Open Access Research

Modification by hemochromatosis gene polymorphisms of the association between traffic-related air pollution and cognition in older men: a cohort study

Melinda C Power12*, Marc G Weisskopf12, Stacey E Alexeeff3, Robert O Wright2, Brent A Coull3, Avron Spiro456 and Joel Schwartz12

Author Affiliations

1 Department of Epidemiology, Harvard School of Public Health, 677 Huntington Avenue, Boston, MA 02115, USA

2 Department of Environmental Health, Harvard School of Public Health, 677 Huntington Avenue, Boston, MA 02115, USA

3 Department of Biostatistics, Harvard School of Public Health, 677 Huntington Avenue, Boston, MA, 02115, USA

4 Veterans Affairs Boston Healthcare System, 150 S. Huntington Avenue, Boston, MA, 02130, USA

5 Department of Epidemiology, Boston University School of Public Health, 715 Albany Street, Boston, MA, 02118, USA

6 Department of Psychiatry, Boston University Medical School, 72 East Concord Street, Boston, MA, 02118, USA

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Environmental Health 2013, 12:16  doi:10.1186/1476-069X-12-16

Published: 15 February 2013

Abstract

Background

Previous studies found effect modification of associations between traffic-related air pollution and cardiovascular outcomes by polymorphisms in the hemochromatosis gene (HFE). As traffic-related air pollution may impact cognition through effects on cardiovascular health or through mechanisms which may also influence cardiovascular outcomes, we hypothesized that HFE polymorphisms would also modify a previously observed association between traffic-related air pollution exposure and cognition in older men.

Methods

We considered data from 628 participants of the VA Normative Aging Study. We estimated long term exposure to black carbon (BC), a marker of traffic related air pollution, using a spatio-temporal land use regression model. We assessed cognition using the Mini-Mental State Examination (MMSE), a test of global function, and performance on a battery of other tests, covering a wide range of domains. We investigated whether variants of HFE C282Y and H63D modified the association between BC and having a low MMSE score using logistic models with generalized estimating equations and multiplicative interaction terms. Similarly, we assessed whether HFE variants modified the association between BC and performance on the cognitive battery using linear mixed models with multiplicative interaction terms.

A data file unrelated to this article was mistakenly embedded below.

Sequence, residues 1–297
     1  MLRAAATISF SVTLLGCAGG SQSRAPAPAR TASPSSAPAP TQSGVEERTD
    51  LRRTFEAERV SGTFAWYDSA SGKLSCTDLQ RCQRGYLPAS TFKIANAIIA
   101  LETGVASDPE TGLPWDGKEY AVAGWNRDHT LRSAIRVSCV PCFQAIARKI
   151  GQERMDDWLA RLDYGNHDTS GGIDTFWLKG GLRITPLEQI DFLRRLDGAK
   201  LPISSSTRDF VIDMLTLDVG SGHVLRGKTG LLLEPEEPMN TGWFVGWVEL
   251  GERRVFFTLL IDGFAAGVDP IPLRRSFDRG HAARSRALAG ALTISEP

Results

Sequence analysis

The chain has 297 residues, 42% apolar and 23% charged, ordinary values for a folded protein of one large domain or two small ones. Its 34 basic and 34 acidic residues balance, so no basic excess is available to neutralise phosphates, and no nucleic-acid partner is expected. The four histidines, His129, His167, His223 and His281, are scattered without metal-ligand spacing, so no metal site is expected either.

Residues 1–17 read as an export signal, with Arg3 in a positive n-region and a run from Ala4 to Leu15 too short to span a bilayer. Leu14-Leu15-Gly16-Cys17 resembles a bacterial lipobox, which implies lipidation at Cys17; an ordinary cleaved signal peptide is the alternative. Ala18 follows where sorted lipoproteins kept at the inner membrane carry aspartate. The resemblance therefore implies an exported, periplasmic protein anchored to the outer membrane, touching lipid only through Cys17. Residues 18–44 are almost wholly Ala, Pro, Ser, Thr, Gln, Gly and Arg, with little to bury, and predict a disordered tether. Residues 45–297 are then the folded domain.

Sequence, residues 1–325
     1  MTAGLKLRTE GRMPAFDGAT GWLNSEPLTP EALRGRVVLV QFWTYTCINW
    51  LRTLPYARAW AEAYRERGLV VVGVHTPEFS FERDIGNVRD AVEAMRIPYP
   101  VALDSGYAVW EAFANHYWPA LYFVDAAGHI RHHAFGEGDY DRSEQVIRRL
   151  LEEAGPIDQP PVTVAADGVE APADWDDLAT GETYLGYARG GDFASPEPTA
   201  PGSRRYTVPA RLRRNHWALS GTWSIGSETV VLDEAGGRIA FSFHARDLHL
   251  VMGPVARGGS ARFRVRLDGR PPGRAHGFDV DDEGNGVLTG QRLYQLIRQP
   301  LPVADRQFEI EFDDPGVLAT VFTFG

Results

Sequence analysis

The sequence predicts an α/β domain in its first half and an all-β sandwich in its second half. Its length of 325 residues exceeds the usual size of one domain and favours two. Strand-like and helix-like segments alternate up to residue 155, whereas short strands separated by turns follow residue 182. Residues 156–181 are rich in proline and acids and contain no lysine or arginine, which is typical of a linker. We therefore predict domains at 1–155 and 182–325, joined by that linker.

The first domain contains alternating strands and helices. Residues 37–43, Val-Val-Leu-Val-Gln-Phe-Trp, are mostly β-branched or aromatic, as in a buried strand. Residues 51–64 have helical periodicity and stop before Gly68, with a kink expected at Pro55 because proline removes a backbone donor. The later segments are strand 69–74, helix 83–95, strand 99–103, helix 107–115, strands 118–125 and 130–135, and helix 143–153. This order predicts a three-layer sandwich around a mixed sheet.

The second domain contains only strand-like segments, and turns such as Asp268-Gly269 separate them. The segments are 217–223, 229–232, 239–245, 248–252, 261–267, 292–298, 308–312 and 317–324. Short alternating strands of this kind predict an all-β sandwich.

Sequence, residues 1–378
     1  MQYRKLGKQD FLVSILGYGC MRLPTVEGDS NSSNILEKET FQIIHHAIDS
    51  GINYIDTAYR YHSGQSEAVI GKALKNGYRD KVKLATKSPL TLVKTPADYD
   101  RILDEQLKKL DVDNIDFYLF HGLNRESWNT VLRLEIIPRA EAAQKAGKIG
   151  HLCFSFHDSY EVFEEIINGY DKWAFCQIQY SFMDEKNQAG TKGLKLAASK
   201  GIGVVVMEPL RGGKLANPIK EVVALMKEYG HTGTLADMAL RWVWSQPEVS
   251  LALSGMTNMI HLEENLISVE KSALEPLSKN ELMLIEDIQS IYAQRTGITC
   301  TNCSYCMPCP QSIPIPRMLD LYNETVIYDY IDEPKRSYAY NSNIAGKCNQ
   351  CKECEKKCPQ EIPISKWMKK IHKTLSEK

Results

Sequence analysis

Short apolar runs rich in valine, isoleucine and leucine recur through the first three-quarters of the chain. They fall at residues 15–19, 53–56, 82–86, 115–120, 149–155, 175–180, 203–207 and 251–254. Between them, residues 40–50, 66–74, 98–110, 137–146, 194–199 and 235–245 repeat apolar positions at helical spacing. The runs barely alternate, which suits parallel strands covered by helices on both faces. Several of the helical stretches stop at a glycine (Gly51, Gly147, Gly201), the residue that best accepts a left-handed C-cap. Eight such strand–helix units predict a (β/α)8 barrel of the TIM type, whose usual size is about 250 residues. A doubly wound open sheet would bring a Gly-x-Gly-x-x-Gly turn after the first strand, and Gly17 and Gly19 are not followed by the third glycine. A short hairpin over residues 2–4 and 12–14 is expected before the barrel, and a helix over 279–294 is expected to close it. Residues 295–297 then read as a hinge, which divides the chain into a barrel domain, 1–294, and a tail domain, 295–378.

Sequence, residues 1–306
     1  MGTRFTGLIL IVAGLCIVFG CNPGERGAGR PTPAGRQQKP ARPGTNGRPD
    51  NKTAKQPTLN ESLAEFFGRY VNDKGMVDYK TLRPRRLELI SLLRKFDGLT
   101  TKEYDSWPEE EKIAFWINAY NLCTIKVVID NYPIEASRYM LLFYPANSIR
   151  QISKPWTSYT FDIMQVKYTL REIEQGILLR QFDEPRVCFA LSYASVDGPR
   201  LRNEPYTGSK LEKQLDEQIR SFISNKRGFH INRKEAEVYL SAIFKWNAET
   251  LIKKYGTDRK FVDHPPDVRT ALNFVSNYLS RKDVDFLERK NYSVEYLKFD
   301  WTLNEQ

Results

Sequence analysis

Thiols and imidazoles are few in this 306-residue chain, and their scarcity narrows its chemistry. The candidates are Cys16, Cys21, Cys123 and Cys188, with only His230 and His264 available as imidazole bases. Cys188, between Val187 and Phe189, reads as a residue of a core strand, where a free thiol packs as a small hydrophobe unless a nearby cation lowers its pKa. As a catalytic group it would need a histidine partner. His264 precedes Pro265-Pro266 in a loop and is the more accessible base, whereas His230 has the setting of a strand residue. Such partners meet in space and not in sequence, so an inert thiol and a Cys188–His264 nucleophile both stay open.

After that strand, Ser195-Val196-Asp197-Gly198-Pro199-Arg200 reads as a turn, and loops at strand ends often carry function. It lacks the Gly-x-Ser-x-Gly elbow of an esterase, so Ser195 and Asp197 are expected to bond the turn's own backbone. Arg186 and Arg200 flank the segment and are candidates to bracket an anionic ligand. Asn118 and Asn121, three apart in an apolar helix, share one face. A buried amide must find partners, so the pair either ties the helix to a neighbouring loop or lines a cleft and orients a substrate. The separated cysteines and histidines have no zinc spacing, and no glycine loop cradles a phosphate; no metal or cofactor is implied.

Results

Our results suggest modification of the BC-cognition association by HFE C282Y, although the test of interaction did not achieve statistical significance. In multivariable-adjusted models, participants who lacked a HFE C282Y variant (CC) exhibited an adverse association between BC and total cognition z-score (beta for a doubling in BC concentration: -0.061, 95% CI: -0.115, -0.007), while we did not observe an association in participants with at least one variant genotype (CY or YY) (beta for a doubling in BC concentration: 0.073, 95% CI: -0.081, 0.228; p-value for interaction: 0.11). The pattern of association was similar for analyses considering performance on the Mini-Mental State Examination. There was little evidence to support effect modification of the BC-cognition association by the HFE H63D genotype.

Conclusions

Our data suggest that older adults who lack an HFE C282Y variant may be more susceptible to an adverse effect of traffic-related air pollution exposure on cognition. This finding and the proposed biological mechanism require confirmation.

Keywords:
Aging; Black carbon; Cognitive dysfunction; Epidemiology; Particulate matter; HFE; Hemochromatosis; Gene-environment interaction; Susceptible group